The law prohibiting "sexual orientation change efforts" for minors, abbreviated as SOCE and sometimes known as gay conversion therapy, was enacted last year and was the first of its kind in the nation.
Since then, New Jersey has adopted a similar law.
A three-judge panel of the 9th U.S. Circuit Court of Appeals unanimously rejected arguments in which several therapists, parents and patients claimed the California law violated the constitutional right of free speech.
Circuit Judge Susan Graber wrote that the measure regulates conduct, not speech.
"It bans a form of medical treatment for minors; it does nothing to prevent licensed therapists from discussing the pros and cons of sexual orientation change therapy with their patients," Graber wrote.
The law applies to state-licensed mental health providers.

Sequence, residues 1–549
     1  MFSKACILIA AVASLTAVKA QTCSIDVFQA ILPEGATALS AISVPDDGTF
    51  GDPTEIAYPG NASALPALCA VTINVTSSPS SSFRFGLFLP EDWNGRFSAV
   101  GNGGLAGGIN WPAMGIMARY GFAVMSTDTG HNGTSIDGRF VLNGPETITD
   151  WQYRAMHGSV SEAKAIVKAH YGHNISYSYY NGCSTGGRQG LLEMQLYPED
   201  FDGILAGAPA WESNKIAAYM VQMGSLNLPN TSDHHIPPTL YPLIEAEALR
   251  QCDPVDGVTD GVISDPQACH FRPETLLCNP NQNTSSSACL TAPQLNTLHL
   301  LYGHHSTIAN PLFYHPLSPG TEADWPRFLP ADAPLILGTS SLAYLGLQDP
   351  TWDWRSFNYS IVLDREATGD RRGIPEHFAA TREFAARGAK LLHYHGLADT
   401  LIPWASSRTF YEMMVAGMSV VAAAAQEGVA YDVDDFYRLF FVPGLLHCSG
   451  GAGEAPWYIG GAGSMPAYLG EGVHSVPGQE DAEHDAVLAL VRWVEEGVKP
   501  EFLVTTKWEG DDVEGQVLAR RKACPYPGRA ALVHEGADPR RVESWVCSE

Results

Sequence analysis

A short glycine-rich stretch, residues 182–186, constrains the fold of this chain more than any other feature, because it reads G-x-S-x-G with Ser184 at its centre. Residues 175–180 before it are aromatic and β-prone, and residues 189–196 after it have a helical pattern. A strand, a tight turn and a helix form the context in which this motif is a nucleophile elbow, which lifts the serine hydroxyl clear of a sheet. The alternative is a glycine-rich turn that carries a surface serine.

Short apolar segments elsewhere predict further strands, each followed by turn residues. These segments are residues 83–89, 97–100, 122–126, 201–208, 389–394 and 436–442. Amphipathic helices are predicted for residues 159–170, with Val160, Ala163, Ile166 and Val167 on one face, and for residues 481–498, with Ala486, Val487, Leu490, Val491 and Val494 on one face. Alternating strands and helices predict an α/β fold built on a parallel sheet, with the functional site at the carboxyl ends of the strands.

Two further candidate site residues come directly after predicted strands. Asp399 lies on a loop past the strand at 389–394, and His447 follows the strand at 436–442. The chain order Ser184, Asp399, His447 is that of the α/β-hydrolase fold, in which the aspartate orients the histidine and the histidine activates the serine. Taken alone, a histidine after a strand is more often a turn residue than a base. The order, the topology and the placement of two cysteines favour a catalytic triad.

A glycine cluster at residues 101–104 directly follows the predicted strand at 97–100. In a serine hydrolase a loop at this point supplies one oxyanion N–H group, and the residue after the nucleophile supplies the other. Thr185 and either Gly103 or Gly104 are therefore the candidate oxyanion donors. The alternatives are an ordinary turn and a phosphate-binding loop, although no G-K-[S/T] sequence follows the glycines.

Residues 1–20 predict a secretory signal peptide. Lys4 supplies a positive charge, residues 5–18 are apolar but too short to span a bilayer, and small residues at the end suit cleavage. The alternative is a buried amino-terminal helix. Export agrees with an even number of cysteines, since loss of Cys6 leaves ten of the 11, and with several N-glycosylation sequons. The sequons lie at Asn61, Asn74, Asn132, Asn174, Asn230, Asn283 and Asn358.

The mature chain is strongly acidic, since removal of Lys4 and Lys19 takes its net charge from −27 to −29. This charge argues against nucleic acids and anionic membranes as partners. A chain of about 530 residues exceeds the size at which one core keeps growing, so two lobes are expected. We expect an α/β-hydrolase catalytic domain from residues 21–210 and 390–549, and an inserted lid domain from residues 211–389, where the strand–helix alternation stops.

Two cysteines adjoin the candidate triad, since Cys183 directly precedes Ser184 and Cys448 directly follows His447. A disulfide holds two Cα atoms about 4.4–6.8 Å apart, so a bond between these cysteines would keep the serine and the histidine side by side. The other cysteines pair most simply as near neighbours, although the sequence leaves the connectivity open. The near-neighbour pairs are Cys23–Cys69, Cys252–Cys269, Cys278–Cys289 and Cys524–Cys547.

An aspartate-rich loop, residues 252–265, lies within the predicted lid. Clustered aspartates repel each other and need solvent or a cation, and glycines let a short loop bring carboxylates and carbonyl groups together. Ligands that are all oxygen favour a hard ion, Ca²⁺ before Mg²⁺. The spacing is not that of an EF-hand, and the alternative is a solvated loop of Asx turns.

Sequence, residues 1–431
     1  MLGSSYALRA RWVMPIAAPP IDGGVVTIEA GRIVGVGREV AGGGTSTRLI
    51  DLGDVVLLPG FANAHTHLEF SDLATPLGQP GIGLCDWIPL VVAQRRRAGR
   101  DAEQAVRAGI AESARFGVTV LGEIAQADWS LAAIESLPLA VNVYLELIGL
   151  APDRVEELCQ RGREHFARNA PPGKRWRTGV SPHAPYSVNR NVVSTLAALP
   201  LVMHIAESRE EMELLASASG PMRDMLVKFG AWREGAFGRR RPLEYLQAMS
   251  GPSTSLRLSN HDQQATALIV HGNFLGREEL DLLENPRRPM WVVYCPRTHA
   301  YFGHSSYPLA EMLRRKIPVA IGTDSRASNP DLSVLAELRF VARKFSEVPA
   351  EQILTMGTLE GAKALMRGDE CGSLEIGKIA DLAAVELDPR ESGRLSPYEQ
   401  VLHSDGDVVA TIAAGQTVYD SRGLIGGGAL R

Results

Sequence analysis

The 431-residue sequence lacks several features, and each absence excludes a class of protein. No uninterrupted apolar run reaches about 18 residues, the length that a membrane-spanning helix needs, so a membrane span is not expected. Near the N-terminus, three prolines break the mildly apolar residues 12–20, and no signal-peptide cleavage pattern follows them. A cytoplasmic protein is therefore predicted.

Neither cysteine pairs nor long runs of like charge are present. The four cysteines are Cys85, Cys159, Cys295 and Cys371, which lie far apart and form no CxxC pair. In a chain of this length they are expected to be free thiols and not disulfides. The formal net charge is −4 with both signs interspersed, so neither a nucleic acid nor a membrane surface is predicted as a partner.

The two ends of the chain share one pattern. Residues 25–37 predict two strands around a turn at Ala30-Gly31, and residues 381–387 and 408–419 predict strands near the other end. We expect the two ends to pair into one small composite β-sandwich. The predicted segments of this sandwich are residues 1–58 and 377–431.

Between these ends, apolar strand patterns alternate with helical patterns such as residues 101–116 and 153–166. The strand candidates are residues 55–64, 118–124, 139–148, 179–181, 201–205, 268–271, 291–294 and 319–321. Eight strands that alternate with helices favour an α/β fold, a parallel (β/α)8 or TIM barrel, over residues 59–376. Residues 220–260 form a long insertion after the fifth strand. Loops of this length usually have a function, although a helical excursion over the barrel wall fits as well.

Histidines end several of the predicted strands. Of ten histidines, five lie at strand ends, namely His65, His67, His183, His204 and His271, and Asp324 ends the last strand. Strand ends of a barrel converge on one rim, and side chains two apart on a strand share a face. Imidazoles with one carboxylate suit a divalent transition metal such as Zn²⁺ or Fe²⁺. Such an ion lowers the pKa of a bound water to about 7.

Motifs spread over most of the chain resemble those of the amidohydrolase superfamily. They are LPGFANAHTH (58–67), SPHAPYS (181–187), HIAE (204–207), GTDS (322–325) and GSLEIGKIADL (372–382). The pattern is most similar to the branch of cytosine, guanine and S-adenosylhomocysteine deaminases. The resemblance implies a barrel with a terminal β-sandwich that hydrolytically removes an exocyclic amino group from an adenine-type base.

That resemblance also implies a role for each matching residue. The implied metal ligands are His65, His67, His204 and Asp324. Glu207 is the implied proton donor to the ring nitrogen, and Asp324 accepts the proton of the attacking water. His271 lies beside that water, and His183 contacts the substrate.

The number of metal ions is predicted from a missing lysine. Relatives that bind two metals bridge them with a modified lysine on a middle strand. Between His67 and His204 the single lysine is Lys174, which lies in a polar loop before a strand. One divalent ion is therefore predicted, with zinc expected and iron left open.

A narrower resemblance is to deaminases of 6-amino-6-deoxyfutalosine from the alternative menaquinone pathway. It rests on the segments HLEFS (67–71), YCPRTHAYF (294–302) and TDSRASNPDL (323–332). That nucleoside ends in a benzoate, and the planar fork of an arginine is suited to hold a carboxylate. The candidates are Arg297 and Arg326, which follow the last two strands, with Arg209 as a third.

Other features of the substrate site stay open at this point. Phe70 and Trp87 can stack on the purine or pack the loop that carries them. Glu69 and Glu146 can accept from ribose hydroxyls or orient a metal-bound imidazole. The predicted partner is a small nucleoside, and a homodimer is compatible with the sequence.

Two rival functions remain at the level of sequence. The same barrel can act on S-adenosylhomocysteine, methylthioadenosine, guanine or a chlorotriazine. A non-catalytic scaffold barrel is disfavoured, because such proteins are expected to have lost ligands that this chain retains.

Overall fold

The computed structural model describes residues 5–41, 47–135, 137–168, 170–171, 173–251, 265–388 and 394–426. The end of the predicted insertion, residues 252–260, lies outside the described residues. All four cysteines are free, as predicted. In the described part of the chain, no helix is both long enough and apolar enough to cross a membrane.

It was challenged in two separate lawsuits filed in federal court in Sacramento. In one case, a trial judge issued a preliminary injunction blocking enforcement of the law; in the other case, a different judge declined to do so.
Today's ruling orders that injunction lifted, unless the groups challenging the law are able to win a stay from an expanded appeals court panel or the U.S. Supreme Court.
The three-judge panel also said the Legislature had a rational basis for enacting the law after considering reports in which the American Psychological Association and other professional groups concluded that conversion therapy could harm children.
"Without a doubt, protecting the well-being of minors is a legitimate state interest," Graber said in the court opinion.
She wrote that in the reports cited by the Legislature, "the overwhelming consensus was that SOCE was harmful and ineffective."